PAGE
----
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Re: Making a function dynamically define another conditional function...
*To*: mathgroup at smc.vnet.net
*Subject*: [mg21777] Re: [mg21733] Making a function dynamically define another conditional function...
*From*: BobHanlon at aol.com
*Date*: Thu, 27 Jan 2000 22:56:58 -0500 (EST)
*Sender*: owner-wri-mathgroup at wolfram.com
Here is one approach:
Clear[f];
?f
"Global`f"
testList = {{a, A}, {b, B}, {1, 2}, {3, 4}, {5, 6}};
TestFn[data_List] :=
ToExpression[
"f[x_] := x+" <> ToString[#[[1]]] <> "/;x==" <> ToString[#[[2]]] & /@
data]
TestFn[testList];
?f
"Global`f"
f[x_] := x + a /; x == A
f[x_] := x + b /; x == B
f[x_] := x + 1 /; x == 2
f[x_] := x + 3 /; x == 4
f[x_] := x + 5 /; x == 6
f[#[[2]]] & /@ testList
{a + A, b + B, 3, 7, 11}
Bob Hanlon
In a message dated 1/26/2000 5:20:51 AM, paul.howland at nc3a.nato.int writes:
>How can I make a function dynamically define a conditional function?
>
>Given a list of arguments {{a,A}, {b,B}, ...} I want to write a function
>that will take these arguments, and generate a new function, f say,
>which is defined as (for example):
> f[x_] := x+a /; x==A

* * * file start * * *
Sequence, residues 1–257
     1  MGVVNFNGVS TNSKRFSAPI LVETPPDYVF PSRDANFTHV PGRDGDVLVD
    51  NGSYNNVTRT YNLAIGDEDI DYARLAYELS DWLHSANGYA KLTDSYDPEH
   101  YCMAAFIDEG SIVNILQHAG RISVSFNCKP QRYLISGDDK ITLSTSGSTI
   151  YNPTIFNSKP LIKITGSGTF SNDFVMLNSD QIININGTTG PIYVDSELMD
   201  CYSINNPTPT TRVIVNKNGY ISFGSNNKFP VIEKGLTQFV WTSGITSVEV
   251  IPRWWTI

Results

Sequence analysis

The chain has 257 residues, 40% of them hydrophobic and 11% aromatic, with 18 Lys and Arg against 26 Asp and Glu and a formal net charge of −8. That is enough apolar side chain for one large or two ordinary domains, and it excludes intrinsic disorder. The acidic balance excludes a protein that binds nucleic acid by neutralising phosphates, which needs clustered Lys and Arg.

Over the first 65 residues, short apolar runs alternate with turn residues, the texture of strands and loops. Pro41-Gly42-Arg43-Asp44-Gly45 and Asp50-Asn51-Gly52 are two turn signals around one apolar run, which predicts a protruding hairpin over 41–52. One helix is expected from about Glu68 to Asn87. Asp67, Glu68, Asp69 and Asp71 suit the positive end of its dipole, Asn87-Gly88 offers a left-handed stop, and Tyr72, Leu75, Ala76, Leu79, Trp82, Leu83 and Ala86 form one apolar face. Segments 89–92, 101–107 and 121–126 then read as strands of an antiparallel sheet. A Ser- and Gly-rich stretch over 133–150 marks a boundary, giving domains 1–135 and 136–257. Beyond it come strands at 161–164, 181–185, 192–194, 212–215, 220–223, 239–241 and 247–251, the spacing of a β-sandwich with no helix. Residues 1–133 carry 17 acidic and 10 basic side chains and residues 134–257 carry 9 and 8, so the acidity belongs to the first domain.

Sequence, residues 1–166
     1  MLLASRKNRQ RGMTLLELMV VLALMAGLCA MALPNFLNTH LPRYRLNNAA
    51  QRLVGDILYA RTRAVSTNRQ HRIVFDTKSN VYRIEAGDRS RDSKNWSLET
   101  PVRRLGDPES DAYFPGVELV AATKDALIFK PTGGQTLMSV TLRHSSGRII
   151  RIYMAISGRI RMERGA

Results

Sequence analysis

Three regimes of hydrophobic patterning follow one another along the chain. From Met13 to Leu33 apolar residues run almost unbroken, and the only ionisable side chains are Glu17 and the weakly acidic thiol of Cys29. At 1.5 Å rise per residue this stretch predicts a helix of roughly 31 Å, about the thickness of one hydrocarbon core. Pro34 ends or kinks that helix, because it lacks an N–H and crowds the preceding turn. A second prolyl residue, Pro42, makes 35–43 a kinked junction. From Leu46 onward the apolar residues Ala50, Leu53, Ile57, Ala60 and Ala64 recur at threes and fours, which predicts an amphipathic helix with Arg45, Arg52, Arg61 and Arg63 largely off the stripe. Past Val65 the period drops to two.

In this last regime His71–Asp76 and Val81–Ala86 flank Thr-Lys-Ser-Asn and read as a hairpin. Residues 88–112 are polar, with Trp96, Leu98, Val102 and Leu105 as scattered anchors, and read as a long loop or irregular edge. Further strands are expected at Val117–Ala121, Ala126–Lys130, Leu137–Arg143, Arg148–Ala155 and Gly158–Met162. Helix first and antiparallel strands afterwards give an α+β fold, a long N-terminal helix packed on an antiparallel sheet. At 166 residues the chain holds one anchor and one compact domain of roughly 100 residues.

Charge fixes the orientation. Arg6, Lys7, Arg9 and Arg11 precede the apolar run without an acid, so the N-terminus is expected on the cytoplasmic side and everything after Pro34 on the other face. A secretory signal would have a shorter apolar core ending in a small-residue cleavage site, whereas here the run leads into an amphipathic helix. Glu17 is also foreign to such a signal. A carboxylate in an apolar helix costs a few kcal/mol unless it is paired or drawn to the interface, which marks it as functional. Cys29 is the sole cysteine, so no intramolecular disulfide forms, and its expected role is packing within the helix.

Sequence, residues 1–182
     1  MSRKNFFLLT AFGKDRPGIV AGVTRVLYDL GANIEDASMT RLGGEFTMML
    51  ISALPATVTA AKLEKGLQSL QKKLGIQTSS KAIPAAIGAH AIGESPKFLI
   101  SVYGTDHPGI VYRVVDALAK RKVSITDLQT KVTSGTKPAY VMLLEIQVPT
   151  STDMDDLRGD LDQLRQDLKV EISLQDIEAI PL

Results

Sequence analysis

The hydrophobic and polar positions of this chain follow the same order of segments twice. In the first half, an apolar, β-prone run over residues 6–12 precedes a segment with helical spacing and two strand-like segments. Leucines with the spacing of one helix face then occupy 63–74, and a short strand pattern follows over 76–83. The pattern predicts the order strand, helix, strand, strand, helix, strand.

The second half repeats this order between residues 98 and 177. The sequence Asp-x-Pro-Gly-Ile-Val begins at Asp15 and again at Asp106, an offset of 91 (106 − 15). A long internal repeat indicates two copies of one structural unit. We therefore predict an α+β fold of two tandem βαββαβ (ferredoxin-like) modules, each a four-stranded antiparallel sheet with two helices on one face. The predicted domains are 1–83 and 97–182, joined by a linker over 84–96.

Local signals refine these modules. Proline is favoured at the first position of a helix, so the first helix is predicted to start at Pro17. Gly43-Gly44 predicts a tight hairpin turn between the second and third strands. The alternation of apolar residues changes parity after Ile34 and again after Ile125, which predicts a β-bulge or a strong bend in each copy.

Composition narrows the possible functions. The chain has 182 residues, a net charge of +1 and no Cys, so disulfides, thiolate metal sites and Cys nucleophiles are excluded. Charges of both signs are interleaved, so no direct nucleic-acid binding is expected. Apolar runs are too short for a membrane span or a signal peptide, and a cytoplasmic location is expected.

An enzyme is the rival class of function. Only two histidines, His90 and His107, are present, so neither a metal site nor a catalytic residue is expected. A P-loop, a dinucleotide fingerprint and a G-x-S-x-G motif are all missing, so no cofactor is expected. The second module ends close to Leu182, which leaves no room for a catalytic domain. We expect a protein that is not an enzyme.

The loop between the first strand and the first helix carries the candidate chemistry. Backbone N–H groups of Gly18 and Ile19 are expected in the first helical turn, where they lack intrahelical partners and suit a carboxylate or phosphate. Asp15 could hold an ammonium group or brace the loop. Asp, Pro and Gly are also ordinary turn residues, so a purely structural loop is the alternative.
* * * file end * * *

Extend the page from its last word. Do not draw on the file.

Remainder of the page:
> f[x_] := x+b /; x==B
> etc.
>
>So, the obvious solution is to define a function as follows:
>
>In[1] := TestFn[data_List] := Module[{args},
> ClearAll[f];
> Do[
> args = data[[i]];
> f[x_] = x + args[[1]] /; x==args[[2]],
> {i, Length[data]}
> ]]
>
>and call it using something like TestFn[{{1,2},{3,4},{5,6}}].
>
>But this doesn't work (see attached notebook) as it appears that
>Mathematica does not evaluate any part of the condition at the time of
>definition, so args[[2]] remains unevaluated. As a consequence, the
>resulting function definition is not properly defined.
>
>So, the obvious solution to this is to wrap Evaluate[] around the
>condition (i.e. define the function as f[x_] = x + args[[1]] /;
>Evaluate[x == args[[2]]]. And this appears to work. If you do ?f, then
>you see a function comprising a number of conditional definitions.
>However, if you come to use the function, then it appears that
>Mathematica does not perform the condition test that appears in the
>definition! It simply uses the first definition it finds.
>
>What is going on?! How can I make this work?
>
>I attach a notebook with example code. [Contact Paul to
>get this notebook - Moderator]
>
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